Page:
We have been discussing writers, editors, commentators, and academics who have embraced rising calls for censorship and speech controls, including book banning and blacklisting. That movement has now become retroactive. Authors are now being successfully pressured to remove lines from published books that are deemed objectionable by some readers. It appears that even speech that has published can be retroactively “corrected” under the threat of public accusation.
One of the authors who has agreed to curtail her own prior writing is Elin Hilderbrand who agreed to retroactively remove her own lines in the 2021 book, The Golden Girl. According to an article in Publishers Weekly, there was an objection to a line of the character Vivi who responded to the suggestion of her friend Savannah that they hide out for the summer in the attic of Savannah’s parents’ attic. Vivi asks. “Like … like Anne Frank?” The two friends laugh at the absurdity, but Vivi thinks, “Is it really funny, and is Vivi so far off base?”
That led to some readers to declare that the line was “horrifically” antisemitic and demanding an apology for thinking “antisemitism is funny.” Hilderbrand responded with a profuse apology and a promise to remove the line.
Author Casey McQuiston also yielded to such demands after readers objected to a line the gay romance novel Red, White & Royal Blue when the president in the United States in the book complains “Well, my UN ambassador fu**ed up his one job and said something idiotic about Israel, and now I have to call Netanyahu and personally apologize.” Readers decried that the line “normalizes the genocide & war crimes done by Israel that will always be backed up & unashamedly supported by America.” It was a bizarre objection since the line could be viewed as an implied criticism of deference shown to Israel in American politics. Nevertheless, McQuiston caved to the pressure and promised to remove the line.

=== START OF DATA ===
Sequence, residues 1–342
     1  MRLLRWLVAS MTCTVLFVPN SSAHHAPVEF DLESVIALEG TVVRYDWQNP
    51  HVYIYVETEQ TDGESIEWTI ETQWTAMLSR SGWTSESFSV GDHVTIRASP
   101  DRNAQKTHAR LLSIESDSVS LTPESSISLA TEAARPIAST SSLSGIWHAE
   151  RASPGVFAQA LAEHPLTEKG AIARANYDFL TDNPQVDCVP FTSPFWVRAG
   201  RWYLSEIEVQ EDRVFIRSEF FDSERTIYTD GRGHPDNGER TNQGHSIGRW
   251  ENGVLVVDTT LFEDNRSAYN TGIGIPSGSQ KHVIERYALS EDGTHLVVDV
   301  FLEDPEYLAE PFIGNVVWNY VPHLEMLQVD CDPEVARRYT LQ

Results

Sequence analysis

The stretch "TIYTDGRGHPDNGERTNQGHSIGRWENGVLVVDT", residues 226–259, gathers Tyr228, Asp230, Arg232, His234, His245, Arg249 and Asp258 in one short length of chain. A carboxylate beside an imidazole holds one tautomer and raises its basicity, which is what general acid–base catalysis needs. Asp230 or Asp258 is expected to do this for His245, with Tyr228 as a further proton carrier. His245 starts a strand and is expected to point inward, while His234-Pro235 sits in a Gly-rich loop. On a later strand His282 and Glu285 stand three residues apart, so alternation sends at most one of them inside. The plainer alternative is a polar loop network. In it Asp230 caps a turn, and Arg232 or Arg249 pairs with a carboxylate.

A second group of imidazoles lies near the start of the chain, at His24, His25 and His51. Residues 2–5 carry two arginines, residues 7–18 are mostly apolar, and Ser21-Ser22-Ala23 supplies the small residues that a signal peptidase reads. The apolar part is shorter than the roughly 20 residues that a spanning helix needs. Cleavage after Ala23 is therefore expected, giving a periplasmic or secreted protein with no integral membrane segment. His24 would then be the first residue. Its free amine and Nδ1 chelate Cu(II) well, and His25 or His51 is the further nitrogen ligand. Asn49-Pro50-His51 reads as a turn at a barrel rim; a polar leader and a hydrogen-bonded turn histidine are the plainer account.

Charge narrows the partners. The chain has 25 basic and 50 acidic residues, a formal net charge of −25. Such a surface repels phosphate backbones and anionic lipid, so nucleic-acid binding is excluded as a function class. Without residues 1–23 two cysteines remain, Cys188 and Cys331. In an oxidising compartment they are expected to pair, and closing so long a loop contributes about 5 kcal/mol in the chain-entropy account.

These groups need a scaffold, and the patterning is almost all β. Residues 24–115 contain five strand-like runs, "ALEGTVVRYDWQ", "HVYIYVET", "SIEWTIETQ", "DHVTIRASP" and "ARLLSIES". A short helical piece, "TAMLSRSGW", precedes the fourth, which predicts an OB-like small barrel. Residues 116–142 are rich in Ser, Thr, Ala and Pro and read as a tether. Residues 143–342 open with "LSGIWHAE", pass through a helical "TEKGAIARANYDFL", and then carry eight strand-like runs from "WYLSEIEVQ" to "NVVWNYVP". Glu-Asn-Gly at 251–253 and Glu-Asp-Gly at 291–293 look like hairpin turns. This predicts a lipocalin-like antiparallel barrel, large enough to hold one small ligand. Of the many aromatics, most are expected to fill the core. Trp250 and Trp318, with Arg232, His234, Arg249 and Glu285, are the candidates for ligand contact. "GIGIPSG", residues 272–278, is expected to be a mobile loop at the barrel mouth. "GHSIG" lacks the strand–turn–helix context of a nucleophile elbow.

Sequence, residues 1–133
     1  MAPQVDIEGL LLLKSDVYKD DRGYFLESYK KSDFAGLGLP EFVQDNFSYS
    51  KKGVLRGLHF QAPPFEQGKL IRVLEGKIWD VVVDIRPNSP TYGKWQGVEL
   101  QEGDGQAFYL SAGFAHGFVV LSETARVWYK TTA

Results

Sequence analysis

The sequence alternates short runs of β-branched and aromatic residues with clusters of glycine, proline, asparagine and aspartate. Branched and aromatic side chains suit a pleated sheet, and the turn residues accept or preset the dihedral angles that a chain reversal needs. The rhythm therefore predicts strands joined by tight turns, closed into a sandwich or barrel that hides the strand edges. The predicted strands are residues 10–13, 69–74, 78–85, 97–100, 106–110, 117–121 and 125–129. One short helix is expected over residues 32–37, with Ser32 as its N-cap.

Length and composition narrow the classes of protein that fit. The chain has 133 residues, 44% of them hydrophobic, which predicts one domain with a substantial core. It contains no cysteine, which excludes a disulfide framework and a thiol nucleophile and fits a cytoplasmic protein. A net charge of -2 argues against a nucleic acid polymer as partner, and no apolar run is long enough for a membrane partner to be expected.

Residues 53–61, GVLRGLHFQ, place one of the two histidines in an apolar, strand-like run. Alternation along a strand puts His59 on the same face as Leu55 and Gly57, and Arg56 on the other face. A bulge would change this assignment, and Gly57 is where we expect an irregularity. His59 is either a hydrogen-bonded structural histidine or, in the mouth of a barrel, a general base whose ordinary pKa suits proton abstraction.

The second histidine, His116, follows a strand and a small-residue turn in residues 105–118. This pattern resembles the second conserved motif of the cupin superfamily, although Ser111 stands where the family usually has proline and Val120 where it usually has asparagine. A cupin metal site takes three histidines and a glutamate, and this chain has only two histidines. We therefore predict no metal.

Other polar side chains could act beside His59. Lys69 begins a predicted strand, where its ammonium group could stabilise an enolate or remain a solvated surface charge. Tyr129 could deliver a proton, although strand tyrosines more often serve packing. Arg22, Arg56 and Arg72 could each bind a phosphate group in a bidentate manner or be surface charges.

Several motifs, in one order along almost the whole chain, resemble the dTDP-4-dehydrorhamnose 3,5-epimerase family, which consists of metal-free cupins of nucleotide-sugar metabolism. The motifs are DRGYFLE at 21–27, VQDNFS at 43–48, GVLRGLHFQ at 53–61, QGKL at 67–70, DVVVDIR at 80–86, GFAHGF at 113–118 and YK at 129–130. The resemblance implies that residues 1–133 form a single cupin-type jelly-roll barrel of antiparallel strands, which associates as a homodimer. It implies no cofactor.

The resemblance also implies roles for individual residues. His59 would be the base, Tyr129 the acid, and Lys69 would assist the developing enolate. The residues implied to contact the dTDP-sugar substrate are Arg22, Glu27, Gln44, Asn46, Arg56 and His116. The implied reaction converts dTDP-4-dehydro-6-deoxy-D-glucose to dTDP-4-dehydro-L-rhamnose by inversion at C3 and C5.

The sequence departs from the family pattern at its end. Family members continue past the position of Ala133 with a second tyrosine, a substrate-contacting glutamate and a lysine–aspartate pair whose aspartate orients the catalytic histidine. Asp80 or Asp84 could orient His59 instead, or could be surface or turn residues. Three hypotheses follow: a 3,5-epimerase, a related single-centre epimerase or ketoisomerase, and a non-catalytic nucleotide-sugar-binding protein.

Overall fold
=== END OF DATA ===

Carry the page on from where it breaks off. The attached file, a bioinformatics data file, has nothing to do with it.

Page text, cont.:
What is striking is how few objections were made to these books and how quickly the authors yielded. The point of cancel campaigns is to create a chilling effect for academics, writers, editors, and others. No one wants to have their careers or lives altered by being labeled racist or anti-Semitic. It is easier to yield.
We just discussed the one year anniversary of the disgraceful action of the New York Times to sack an editor and to issue a cringing apology for publishing the views of a Republican senator. The action of the Times sent a loud message to all writers that the ability to continue to work depends on avoiding any such accusations. Following the Cotton controversies, various writers were forced off major publications in a purging of those with conservative or opposing views.
The decisions of these book authors will fuel greater calls for retroactive censorship of controversial lines in creative works. Works can then be sanitized to remove any material objectionable to readers. That may be advantageous for these authors but it will only further erode the protections and expectations of free speech for writers as a whole.